George: Well, you can mention to the world that I am pretty much rebuilding my music life, right now. I’ve just recorded sixteen of my favorite Meter songs that was never played by any of the Meter bands. As well, those sixteen songs that nobody else ever touched. So, I am really pleased with them. I put two of the songs up the second weekend of Jazz Fest, on my website for free download. Just to let people know that I am still alive and that I am planning on going out with Running Pardners, the five piece version of the eight piece band that’s going to be on the road. The reason is just because I am not able to financially take and put and eight piece band on the road. So we’re going out, and we’re going out with five musicians.

J-man: You used the term “rebuild”, what does that refer to?

George: Well, because Running Pardners was an eight piece band and so basically, we had to take that music and this is the second time I have taken and eight piece band down to five. The first time we did it, it was a two keyboard band, and we had to restructure the music because it was a horn band. This time we decided to keep a horn player involved with the band and so we are redirecting the big horn section part down to being a single horn player. I guess that every band cuts an album and maybe six of the twelve songs on the album get played. So, I’ve taken those other six songs that have never been played and put them back in.

So it’s kind of reorganizing what I want to say musically. The rebuilding thing is just basically, since PBS disbanded it’s been like “Whoa, what am I going to do now?” And the thing that came to mind is that I should go back to playing my music, and that was pretty much what I decided to do… And also the Funky Meters are playing. Not as much as they have played, ten years ago. Because Art isn’t as mobile as he would like to be, and so that effects what we do and don’t do. And that’s understandable, he’s seventy three years old. The man should be able to pick and choose when he wants to work and when he doesn’t.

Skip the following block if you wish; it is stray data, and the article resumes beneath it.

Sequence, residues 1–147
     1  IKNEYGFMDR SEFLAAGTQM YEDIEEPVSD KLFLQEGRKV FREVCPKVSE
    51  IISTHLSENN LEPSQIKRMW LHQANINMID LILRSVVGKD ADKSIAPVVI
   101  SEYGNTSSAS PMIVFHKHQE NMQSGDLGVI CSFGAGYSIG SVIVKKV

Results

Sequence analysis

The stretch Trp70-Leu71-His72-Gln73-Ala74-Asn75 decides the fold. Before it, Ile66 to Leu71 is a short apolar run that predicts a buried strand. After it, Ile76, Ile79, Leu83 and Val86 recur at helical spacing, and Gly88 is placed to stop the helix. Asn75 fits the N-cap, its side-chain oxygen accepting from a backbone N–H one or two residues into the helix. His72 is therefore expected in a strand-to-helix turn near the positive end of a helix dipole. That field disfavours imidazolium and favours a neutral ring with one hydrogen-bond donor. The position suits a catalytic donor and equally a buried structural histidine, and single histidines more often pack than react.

J-man: That’s a good point. Well, I appreciate your time today, George. It means a lot to me. Again, thank you.

George: Absolutely, get the McCartney thing right now (Laughs).

J-man: Will do. Thanks, George.

George: Alright.

Jam of The Day: Garage A Trois

Garage A Trois Live at New Orleans, LA @ One Eyed Jack's - 11pm on April 30, 2010.

1. Electric Doorbell Machine >
2. Fragile
3. Power Patriot
4. Rescue Spreaders
5. Dory's Day Out
6. Dugout
7. Dwarf
8. "Jazz Jesus" interlude
9. Punk Rock Guilt
10. Fat Redneck Gangster >
11. The Real Morning Party (James Booker style)
12. Big Whopper
13. Computer Crimes
14. 1969 (Stooges cover)
15. Encore:
16. Twin Killers (Deerhoof cover) >
17. ???? >
18. ????

Garage A Trois:
Stanton Moore: drums
Skerik: sax
Mike Dillon: percussion, vibraphones
Marco Benevento: keys

Monday, May 17, 2010

Jam of The Day: JFJO

Jacob Fred Jazz Odyssey Live at The Deli on March 14, 2003.

Set I
Three Splattered Eggs
Son Of Jah
Fourth Eye
Jah Smart Drum Solo
Calm Before The Storm
Calm Before The Storm (Cont.)
Band Intros & Banter (End of Set I)

Set II
The Slip (With Richard Hass On Drums)
Slow Breath Silent Mind
Johnny B Goode
Thelonius Monk Is My Grandmother
Improv (With Scott Howard)

Friday, May 14, 2010

Jam of The Day: Great American Taxi

Great American Taxi Live at Saxon Pub on May 6, 2010.

Great American Taxi
The Saxon Pub
Austin, TX

One set
01 One of These Days
02 Honky Tonk Saloon
03 Fuzzy Little Hippie Girl
04 Big Sandy River
05 River Cantina
06 Gone So Long ????
07 Fun By The Ton
08 Swamp SOng
09 Drinking In The Morning
10 Make Ends Meet
11 Made By Hand
12 It's a Good Night to Boogie
13 It Must've Been The Wine
14 Jack London
15 Whiskey Before Breakfast
16 Instant Armadillo Blues